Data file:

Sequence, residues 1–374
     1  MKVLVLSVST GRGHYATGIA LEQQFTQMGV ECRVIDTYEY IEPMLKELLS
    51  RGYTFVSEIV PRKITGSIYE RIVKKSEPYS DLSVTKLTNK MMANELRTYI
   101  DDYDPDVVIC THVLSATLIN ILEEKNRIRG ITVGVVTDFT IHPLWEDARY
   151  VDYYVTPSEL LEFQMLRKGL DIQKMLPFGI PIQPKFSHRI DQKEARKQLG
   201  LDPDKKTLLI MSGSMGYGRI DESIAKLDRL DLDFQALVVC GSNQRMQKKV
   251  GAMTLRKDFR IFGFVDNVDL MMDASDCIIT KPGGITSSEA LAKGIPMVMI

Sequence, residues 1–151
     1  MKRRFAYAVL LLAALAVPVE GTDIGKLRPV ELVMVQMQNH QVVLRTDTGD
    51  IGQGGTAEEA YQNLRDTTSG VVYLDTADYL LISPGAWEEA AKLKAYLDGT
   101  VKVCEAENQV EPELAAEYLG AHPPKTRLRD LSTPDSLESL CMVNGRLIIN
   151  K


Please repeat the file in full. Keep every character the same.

Sequence, residues 1–374
     1  MKVLVLSVST GRGHYATGIA LEQQFTQMGV ECRVIDTYEY IEPMLKELLS
    51  RGYTFVSEIV PRKITGSIYE RIVKKSEPYS DLSVTKLTNK MMANELRTYI
   101  DDYDPDVVIC THVLSATLIN ILEEKNRIRG ITVGVVTDFT IHPLWEDARY
   151  VDYYVTPSEL LEFQMLRKGL DIQKMLPFGI PIQPKFSHRI DQKEARKQLG
   201  LDPDKKTLLI MSGSMGYGRI DESIAKLDRL DLDFQALVVC GSNQRMQKKV
   251  GAMTLRKDFR IFGFVDNVDL MMDASDCIIT KPGGITSSEA LAKGIPMVMI

Sequence, residues 1–151
     1  MKRRFAYAVL LLAALAVPVE GTDIGKLRPV ELVMVQMQNH QVVLRTDTGD
    51  IGQGGTAEEA YQNLRDTTSG VVYLDTADYL LISPGAWEEA AKLKAYLDGT
   101  VKVCEAENQV EPELAAEYLG AHPPKTRLRD LSTPDSLESL CMVNGRLIIN
   151  K